Surrender to Bashar Assad means almost certain death, but it is, perhaps, the right choice.
The protesters who have been turning out all year every Friday to peacefully oppose Assad’s regime risked their lives, and many died. The countrymen and soldiers who have taken up arms to oppose Assad’s heavy-handed tactics of massacre have risked their lives, and again many have died. But the citizens of Homs, among whom they have sheltered, have died too.
The journalists who infiltrated into Homs certainly chose to share the risks of the Syrian rebels. Their pleas to be evacuated while leaving the Himsi behind to die are understandable if a little bit shameful.
It may be that the citizens of Homs have also chosen to die with them. “Viurem lliures o morirem“, the motto of Catalan rebellion that translates as “live free or die,” might translate well into Arabic. But by holding out for a month, the armed insurgents, who have braved the artillery, mortars and machine guns of Assad’s loyal army, have forced that death on them.
The insurgents sheltered in Homs. They must have suspected that young Dr. Assad would treat Homs as his father and uncle treated Hama 30 years ago and pound it flat. But still they stayed in Homs. And just as it did in Hama 30 years ago, the Syrian Army cordon isn’t letting anyone leave. The citizens of Homs are to serve as an object lesson to the people of Syria that sheltering enemies of the regime brought death.
Perhaps the insurgents calculated that the world would not stand by and watch Homs smashed. Perhaps they calculated that just as NATO helped Libyan insurgents they would help Syrian insurgents. Perhaps they thought that Moscow would not give Damascus carte blanche as they have in the past.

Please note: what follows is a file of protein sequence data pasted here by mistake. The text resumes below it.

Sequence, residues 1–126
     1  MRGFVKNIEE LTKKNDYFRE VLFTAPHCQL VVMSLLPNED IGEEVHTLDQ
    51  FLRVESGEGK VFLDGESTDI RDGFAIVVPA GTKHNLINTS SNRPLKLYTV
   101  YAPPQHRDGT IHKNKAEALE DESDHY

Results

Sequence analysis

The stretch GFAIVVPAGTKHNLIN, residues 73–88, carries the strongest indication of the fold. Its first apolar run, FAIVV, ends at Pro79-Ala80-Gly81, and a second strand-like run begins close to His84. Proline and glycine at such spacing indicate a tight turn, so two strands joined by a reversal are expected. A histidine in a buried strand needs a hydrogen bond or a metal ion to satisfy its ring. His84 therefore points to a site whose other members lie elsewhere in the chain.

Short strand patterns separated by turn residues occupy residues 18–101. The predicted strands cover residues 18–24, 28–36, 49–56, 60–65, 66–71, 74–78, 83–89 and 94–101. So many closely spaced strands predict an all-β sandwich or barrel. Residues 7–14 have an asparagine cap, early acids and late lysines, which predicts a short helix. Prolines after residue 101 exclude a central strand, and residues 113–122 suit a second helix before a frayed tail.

Urban terrain is difficult for conventional armies. Perhaps the insurgents calculated that their chances were best if, like the Chechen rebels did to the Russians in 1995, they drew the Syrian Arab Army into a losing urban battle.
They miscalculated. The United Nations did not interfere in a dictator’s iron-fisted actions against a rebellion. Of course the UN didn’t: it never does. Of course the rest of the world stood by: it has been accepting Syrian repression for generations. The foreign ministers who today abominate Russia’s and China’s Security Council vetoes were not putting much pressure on Assad two years ago.
The way we handled Libya skewed their judgement. The recognition of a ragtag band of rebels as the government of Libya gave precedence to violent insurgency over other means of political change. Putting the mighty air forces and special forces of NATO at their disposal made it possible for an insurgency to do in months what would ordinarily take years. We made a mockery of our UN mandate, destroying Libyan armor and artillery when we had asked for a no-fly zone, and the Syrian insurgents thought we would do the same for them.
But salvation didn’t come from France or Britain, and the insurgents stayed in Homs.
Did they have a choice?
Would leaving the city to face certain death have been possible? Would dying at their own hands to save the people of Homs have been an option?
Has their dogged determination spelled the doom of their noncombatant fellow Syrians?
The media report mounting international pressure on Assad. But apart from moving his Republican Guard closer to Damascus, Assad shows no sign that the pressure is getting to him. And there is no hint of pressure on the insurgents to give up. We call on Assad to implement a cease-fire, but he’s winning — so why should he stop now? We’re asking the wrong people to hold their fire.
Surrendering means certain death for the insurgents, but at what point should they accept the fact that by fighting on they are killing people who have no choice? What are the tenets of an ethical insurgency?
The embattled rebels of Homs have shown that they are ready to die for Syria’s freedom. Perhaps the time has come for them to do so.